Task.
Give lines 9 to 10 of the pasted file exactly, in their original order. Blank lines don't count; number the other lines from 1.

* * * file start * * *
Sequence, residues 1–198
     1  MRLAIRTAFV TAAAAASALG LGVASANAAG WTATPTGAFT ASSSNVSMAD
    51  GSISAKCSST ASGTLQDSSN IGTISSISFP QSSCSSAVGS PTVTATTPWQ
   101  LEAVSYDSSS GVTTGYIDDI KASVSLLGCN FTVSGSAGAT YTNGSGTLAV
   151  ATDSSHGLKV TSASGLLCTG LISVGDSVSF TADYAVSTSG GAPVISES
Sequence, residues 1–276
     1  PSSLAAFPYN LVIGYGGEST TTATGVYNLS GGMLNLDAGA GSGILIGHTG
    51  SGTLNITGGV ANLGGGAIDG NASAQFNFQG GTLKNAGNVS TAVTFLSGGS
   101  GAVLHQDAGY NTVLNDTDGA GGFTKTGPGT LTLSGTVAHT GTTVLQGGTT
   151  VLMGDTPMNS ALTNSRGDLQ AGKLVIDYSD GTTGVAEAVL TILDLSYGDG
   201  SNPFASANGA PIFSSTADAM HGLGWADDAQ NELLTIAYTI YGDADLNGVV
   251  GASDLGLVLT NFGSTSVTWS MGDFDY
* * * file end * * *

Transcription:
   101  GAVLHQDAGY NTVLNDTDGA GGFTKTGPGT LTLSGTVAHT GTTVLQGGTT
   151  VLMGDTPMNS ALTNSRGDLQ AGKLVIDYSD GTTGVAEAVL TILDLSYGDG